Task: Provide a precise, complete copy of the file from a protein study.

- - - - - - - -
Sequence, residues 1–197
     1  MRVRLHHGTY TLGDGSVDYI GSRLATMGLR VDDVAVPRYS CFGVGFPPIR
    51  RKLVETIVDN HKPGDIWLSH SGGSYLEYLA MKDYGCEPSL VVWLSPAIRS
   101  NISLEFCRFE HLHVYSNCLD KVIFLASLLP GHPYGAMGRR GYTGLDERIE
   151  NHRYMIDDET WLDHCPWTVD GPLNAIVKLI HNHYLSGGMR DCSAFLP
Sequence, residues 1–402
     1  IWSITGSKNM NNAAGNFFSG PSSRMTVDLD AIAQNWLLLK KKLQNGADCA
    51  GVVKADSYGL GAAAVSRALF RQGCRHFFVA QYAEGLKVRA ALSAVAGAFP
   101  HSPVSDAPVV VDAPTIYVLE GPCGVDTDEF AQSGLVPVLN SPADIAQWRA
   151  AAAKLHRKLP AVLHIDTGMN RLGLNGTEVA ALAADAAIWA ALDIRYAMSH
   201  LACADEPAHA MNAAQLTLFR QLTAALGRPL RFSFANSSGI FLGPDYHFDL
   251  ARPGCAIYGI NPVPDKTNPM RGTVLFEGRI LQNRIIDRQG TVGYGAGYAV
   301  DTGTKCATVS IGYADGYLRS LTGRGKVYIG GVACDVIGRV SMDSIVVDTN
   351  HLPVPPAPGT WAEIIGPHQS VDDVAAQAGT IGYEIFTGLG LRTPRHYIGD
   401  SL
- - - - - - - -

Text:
Sequence, residues 1–197
     1  MRVRLHHGTY TLGDGSVDYI GSRLATMGLR VDDVAVPRYS CFGVGFPPIR
    51  RKLVETIVDN HKPGDIWLSH SGGSYLEYLA MKDYGCEPSL VVWLSPAIRS
   101  NISLEFCRFE HLHVYSNCLD KVIFLASLLP GHPYGAMGRR GYTGLDERIE
   151  NHRYMIDDET WLDHCPWTVD GPLNAIVKLI HNHYLSGGMR DCSAFLP
Sequence, residues 1–402
     1  IWSITGSKNM NNAAGNFFSG PSSRMTVDLD AIAQNWLLLK KKLQNGADCA
    51  GVVKADSYGL GAAAVSRALF RQGCRHFFVA QYAEGLKVRA ALSAVAGAFP
   101  HSPVSDAPVV VDAPTIYVLE GPCGVDTDEF AQSGLVPVLN SPADIAQWRA
   151  AAAKLHRKLP AVLHIDTGMN RLGLNGTEVA ALAADAAIWA ALDIRYAMSH
   201  LACADEPAHA MNAAQLTLFR QLTAALGRPL RFSFANSSGI FLGPDYHFDL
   251  ARPGCAIYGI NPVPDKTNPM RGTVLFEGRI LQNRIIDRQG TVGYGAGYAV
   301  DTGTKCATVS IGYADGYLRS LTGRGKVYIG GVACDVIGRV SMDSIVVDTN
   351  HLPVPPAPGT WAEIIGPHQS VDDVAAQAGT IGYEIFTGLG LRTPRHYIGD
   401  SL